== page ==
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11 October, 2017 Posted by John G. Self Posted in Career Management, Healthcare
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Industry Trends That Could Impact Your Career [PODCAST]

Posted October 11th, 2017 | Author: John G. Self

LISTEN ON iTUNES HERE

There are some interesting trends that will impact career management strategies over the next five to seven years. If you are in healthcare, hoping that these trends will not impact your career is simply not the smart play.

If you are someone who isn’t comfortable with change, now is the time to recalibrate your perspective and begin to prepare yourself for an entirely different career track.

Consider these developments.

  • More than 1,200 hospitals have merged since 1994
  • Between 2010 and 2014, there have been more than 457 hospital mergers. That number will continue to expand as hospital executives attempt to find a safe harbor and spread the perceived risks
  • Consolidation has reached a point in some markets — now dominated by two or three organizations — that the drumbeat for spreading risks and protecting profit margins will drive mega mergers — the merger of large systems within a market
  • There has been a 32 percent increase in the number of physicians who are now employed by hospitals. That number will continue to grow exponentially as insurers move away from fee-for-service payment models
  • Reduced competition in metropolitan markets are producing higher prices for consumers and fewer jobs for executives
  • Consolidation tends to negatively impact innovation and improvements in quality of care, patient safety and consumer satisfaction

When you analyze the market conditions, the drivers of this consolidation appear to be:

  • For hospitals – enhanced bargaining power for negotiations with insurers
  • For physicians – a move away from fee-for-service, the advent of bundled payments and the expanding realization that hospital employment is the protection for their financial security

The historical fact is we have all been down this road before. The lofty predictions of hospital executives and board members promoting the value of these consolidations rarely produce the results they tout. Bigger is not always better. Small and nimble is sometimes a better way to ride out the market uncertainty and even prosper in turbulent times.

Wishing that things will return to the old days is not even remotely a realistic career management strategy. Healthcare executives need to look to the future, to anticipate the skill sets they will need in an environment of value-based reimbursement, community medicine and population health management.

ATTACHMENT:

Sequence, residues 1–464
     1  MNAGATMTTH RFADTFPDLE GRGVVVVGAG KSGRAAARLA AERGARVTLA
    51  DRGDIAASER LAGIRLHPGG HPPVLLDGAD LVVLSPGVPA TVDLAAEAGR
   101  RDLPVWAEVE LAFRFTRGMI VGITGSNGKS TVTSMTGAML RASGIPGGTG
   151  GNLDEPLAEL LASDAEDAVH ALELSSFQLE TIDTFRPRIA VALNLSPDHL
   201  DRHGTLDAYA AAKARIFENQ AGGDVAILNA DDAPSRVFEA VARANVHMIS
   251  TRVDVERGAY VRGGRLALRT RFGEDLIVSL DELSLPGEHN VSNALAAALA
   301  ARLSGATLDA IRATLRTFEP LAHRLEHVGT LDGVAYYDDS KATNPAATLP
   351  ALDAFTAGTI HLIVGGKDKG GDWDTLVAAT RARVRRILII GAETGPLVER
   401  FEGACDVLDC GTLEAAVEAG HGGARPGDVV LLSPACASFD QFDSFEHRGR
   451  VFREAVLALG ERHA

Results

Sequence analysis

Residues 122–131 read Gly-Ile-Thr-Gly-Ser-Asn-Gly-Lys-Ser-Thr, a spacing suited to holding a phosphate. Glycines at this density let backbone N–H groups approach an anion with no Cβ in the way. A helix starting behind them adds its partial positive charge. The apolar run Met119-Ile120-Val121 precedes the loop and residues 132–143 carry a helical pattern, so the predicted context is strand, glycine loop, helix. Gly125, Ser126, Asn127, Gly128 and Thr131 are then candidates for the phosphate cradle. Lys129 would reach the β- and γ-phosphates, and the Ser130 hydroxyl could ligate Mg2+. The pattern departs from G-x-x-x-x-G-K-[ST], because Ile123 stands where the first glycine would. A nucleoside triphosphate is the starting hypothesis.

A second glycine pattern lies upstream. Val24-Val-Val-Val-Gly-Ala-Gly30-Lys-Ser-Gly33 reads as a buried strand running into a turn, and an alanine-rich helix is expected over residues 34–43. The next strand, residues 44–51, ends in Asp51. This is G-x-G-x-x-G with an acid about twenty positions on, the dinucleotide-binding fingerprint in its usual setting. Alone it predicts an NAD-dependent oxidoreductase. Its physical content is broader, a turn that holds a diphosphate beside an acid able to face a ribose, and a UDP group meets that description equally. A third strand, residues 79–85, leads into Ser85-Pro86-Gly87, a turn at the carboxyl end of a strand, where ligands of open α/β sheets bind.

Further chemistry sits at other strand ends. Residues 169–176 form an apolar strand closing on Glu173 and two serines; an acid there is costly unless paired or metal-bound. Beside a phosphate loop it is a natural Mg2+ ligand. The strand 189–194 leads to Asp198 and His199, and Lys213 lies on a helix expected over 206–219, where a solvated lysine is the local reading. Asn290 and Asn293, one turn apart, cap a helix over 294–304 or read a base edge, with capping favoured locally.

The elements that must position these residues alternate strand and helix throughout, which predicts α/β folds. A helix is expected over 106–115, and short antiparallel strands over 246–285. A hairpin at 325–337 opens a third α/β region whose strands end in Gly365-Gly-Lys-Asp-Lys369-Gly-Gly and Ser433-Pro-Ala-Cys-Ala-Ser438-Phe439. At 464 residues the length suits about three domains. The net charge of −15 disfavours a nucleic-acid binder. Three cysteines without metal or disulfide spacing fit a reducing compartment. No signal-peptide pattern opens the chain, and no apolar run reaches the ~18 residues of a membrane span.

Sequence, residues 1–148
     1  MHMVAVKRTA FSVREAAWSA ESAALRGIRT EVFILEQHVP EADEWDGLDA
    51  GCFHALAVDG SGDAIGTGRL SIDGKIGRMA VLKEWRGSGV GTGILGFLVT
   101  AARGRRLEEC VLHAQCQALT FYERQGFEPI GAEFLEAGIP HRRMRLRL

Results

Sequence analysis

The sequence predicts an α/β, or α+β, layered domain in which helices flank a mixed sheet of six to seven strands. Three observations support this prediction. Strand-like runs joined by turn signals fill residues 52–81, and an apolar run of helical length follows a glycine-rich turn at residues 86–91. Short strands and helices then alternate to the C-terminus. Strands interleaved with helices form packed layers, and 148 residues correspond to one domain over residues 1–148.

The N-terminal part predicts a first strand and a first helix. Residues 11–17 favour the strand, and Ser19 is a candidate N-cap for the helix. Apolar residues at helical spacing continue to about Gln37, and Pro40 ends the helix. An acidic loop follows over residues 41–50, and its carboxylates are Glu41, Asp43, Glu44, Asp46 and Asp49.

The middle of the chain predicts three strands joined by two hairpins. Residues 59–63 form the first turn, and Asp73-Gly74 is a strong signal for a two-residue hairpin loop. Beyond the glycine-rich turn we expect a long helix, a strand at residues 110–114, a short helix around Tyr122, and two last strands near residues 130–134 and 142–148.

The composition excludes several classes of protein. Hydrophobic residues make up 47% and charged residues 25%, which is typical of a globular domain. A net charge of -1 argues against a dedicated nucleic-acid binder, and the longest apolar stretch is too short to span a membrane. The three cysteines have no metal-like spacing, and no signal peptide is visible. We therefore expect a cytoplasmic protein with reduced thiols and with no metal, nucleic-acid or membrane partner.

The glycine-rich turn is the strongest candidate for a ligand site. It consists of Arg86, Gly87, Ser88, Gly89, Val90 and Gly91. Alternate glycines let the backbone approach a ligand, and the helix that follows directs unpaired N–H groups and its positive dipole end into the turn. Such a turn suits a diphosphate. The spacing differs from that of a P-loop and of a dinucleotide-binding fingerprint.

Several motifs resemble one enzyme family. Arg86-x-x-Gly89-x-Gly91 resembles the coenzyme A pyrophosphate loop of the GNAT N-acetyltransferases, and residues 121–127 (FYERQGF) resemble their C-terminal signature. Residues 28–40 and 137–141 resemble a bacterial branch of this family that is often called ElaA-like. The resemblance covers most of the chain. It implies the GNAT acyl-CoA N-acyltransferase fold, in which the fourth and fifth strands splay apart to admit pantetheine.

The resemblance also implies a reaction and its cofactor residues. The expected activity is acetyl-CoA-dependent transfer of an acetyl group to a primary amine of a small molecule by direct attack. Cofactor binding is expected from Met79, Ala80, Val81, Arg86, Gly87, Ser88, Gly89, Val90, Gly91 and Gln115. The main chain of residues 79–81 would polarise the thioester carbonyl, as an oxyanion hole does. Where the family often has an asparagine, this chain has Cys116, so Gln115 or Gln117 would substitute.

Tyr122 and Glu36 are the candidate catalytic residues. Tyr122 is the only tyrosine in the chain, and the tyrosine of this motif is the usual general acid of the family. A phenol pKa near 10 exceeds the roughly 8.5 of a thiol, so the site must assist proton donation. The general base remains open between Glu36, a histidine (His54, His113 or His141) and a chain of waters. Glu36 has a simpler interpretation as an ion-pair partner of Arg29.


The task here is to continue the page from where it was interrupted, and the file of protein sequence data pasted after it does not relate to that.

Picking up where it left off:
The traditional job security of brick and mortar organizations will not be so secure. Even for employed physicians.

Here are my five career management essentials for this type of market disruption:

  1. Embrace continuing education as you never have before. Changes that we are seeing in healthcare will open new jobs for executives with different skills.
  2. Pursue additional degrees or certifications. For example, if you are gifted in mathematics and have good analytical abilities, the future may be very bright indeed.
  3. Volunteer to take on new assignments. Take a risk. The next five years will produce additional changes in job structures and titles. If you have demonstrated your ability to successfully adapt, that could very well give you a leg up when tough head count decisions are made. This is not the time to hunker down in your safe space hoping for the good old days.
  4. Have the tough family conversations now. There will be plenty of talented executives who will lose their jobs through no fault of their own.In order to continue your career, you may have to relocate. If you are a senior hospital executive in a major market like Dallas Fort Worth or Kansas City, for example and you lose your position because of a reduction in force, the chance of landing a similar job in the same market is not good.
  5. Look to the future for new opportunities. The job you have today may become an even more rewarding personally and financially in the future. The executives who can make that type of transition are those who can anticipate the change and prepare with knowledge and skills.

That’s it for this week. I invite you to follow me on my Facebook page, on Twitter and through LinkedIn.

Check out our new career management video on Saturday morning on YouTube.

© 2017 John Gregory Self

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